Pakistani soldiers killed a top al-Qaida operative Saturday who was indicted in the U.S. for his alleged involvement in a plot to bomb New York's subway system, the military said in a statement.
The death of Adnan Shukrijumah is the latest blow to the terror organization still reeling from the 2011 killing of leader Osama bin Laden and now largely eclipsed by the self pro-claimed Islamic State in Iraq and al-Sham (ISIS) group. It also marks a major achievement for the Pakistani military, which mounted a widespread military operation in the northwest this summer.
The military announced Shukrijumah's death in a statement, saying that he was killed along with two other suspected militants in Pakistan's South Waziristan tribal area early Saturday. South Waziristan is part of the mountainous territory bordering Afghanistan that is home to various militant groups fighting both in Afghanistan and Pakistan.
"The al-Qaida leader, who was killed by the Pakistan army in a successful operation, is the same person who had been indicted in the United Stated," said a senior Pakistani army officer, who spoke on condition of anonymity as he was not authorized to talk to journalists.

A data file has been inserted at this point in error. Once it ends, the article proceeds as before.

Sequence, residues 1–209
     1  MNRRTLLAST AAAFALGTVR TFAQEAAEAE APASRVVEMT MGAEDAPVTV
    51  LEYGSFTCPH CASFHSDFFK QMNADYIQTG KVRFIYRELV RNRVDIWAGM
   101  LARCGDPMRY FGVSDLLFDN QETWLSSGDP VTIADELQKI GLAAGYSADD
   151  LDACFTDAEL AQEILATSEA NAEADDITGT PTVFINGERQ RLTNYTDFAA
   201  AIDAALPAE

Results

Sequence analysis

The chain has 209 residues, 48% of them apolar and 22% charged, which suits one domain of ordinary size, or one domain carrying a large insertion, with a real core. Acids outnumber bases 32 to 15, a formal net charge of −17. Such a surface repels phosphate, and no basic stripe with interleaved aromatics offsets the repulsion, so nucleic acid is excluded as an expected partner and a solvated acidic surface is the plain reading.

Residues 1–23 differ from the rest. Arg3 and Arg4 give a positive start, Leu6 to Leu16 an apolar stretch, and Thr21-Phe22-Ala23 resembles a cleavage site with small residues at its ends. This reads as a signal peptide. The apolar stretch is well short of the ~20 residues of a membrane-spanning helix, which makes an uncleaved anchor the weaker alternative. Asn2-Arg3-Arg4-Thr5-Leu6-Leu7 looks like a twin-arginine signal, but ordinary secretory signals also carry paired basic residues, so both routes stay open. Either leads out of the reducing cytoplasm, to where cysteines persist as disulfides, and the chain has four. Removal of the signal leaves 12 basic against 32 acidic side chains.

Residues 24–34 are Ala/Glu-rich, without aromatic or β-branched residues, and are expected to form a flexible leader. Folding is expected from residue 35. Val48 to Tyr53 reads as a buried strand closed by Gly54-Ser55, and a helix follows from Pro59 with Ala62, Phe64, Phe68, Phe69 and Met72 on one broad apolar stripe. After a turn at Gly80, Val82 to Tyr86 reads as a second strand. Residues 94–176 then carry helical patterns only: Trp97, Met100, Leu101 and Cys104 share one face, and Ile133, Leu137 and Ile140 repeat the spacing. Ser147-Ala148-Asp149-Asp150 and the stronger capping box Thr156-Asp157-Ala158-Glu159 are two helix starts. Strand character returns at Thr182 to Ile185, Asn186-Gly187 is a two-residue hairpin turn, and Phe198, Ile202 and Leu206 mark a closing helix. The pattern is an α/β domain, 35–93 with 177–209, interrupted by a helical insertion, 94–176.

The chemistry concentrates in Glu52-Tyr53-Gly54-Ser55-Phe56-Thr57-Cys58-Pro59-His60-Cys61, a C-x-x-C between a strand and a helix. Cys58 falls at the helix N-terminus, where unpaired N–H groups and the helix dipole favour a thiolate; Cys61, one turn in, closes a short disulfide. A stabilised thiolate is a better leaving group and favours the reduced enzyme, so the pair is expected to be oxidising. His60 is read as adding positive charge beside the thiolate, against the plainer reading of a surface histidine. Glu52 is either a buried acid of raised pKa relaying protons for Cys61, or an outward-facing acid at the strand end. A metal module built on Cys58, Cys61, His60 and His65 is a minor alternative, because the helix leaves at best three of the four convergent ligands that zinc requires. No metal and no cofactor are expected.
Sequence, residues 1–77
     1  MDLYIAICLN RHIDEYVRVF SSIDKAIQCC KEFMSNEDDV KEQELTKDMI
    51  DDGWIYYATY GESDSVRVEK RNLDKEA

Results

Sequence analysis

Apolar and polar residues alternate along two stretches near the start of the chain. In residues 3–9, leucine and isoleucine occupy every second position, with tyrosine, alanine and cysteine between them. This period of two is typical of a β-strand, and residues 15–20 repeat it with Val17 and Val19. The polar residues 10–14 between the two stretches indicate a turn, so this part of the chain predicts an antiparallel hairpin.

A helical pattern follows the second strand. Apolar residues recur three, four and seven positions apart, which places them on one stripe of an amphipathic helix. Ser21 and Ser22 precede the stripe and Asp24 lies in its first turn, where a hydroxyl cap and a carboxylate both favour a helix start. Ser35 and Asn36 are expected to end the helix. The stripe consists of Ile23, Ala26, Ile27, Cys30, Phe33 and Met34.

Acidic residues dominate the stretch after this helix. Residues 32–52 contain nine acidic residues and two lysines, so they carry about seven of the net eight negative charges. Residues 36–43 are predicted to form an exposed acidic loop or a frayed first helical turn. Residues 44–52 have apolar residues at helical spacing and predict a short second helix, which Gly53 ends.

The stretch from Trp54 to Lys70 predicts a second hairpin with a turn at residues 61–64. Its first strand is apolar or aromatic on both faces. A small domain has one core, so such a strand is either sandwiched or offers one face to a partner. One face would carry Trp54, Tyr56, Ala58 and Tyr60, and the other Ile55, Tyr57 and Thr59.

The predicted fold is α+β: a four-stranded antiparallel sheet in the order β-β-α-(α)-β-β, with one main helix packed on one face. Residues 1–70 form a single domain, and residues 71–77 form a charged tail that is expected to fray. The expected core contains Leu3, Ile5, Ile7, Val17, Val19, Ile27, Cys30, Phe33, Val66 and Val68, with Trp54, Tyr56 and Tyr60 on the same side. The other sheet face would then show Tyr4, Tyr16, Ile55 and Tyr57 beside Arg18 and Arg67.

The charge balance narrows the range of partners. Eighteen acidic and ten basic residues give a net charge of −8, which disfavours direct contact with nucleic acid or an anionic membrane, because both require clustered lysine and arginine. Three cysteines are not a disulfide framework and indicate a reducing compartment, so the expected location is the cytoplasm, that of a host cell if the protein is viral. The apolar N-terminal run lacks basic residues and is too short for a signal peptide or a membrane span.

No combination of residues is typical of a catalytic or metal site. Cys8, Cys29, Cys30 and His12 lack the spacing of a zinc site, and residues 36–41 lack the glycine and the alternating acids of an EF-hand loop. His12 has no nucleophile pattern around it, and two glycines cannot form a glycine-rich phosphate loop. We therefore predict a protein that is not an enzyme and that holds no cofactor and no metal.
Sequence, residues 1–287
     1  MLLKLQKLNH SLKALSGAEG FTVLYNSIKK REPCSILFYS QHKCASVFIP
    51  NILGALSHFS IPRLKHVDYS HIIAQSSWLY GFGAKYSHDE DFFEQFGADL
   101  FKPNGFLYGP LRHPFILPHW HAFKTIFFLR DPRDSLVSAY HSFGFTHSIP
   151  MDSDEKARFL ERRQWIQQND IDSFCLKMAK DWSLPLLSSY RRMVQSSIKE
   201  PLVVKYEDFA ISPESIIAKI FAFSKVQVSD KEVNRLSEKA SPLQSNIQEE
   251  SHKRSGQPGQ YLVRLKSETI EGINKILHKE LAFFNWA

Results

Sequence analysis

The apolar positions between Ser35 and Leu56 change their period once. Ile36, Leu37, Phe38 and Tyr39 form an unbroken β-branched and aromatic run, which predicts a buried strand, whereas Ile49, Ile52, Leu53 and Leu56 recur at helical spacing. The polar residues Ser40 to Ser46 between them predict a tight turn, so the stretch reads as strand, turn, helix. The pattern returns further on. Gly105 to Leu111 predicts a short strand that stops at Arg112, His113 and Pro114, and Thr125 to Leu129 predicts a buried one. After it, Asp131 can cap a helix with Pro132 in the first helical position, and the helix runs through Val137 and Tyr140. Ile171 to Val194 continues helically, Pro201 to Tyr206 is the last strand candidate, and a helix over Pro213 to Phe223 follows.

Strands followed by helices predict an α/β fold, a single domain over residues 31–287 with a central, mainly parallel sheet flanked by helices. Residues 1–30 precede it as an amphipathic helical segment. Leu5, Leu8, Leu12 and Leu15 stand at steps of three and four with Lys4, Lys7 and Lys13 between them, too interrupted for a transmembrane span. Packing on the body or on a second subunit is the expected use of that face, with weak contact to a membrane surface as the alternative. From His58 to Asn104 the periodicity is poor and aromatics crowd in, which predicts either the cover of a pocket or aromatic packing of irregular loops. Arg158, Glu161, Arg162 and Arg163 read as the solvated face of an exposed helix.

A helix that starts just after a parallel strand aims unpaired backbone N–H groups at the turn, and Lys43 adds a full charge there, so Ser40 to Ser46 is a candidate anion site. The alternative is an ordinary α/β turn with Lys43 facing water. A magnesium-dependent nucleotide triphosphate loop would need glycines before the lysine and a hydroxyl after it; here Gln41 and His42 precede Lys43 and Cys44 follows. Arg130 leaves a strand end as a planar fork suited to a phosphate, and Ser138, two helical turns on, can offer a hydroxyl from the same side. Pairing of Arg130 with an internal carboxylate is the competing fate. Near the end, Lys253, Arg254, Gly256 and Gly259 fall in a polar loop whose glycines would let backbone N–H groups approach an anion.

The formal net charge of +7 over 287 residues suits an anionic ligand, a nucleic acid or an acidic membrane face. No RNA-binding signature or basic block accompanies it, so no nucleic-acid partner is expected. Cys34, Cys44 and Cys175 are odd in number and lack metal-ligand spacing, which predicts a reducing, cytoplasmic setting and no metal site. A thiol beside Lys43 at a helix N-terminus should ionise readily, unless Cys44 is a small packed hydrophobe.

As al-Qaida's head of external operations, the 39-year-old Shukrijumah occupied a position once held by September 11 mastermind Khalid Sheikh Mohammed. The FBI lists Shukrijumah, a Saudi national, as a "most wanted" terrorist and the U.S. State Department had offered up to a $5 million reward for his capture.
After the September 11 terror attacks, Shukrijumah was seen as one of al-Qaida's best chances to attack inside the U.S. or Europe, captured terrorist Abu Zubaydah told U.S. authorities. Shukrijumah studied computer science and chemistry at a community college in Florida and is thought to be the only al-Qaida leader to have once held a U.S. green card. He lived in Miramar, Florida, with his mother and five siblings.
There was no immediate comment from the U.S. to the news of Shukrijumah's death.
The Pakistani military said that Shukrijumah had recently moved from the North Waziristan tribal area to South Waziristan to avoid a military operation the Pakistanis launched in June in North Waziristan. The military said he was hiding in a compound when he was killed but gave few other details about the raid. One Pakistani soldier was killed and another seriously wounded during the assault, the military said.
Pakistan's army spokesman, Maj. Gen. Asim Saleem Bajwa, said on Twitter that five "terrorists" were also detained in the raid.
The United States has been pushing Pakistan for years to launch an operation in North Waziristan, the last area of the tribal region bordering Afghanistan where the Pakistani military had not forcefully moved to root out militants. The military says they have killed 1,200 militants in the North Waziristan operation and cleared 90 percent of the territory.
Shukrijumah's death is a significant success for Pakistan's military, Pakistani security analyst Zahid Hussain said.
"They seem to have developed a strong intelligence networks in the tribal areas," he said.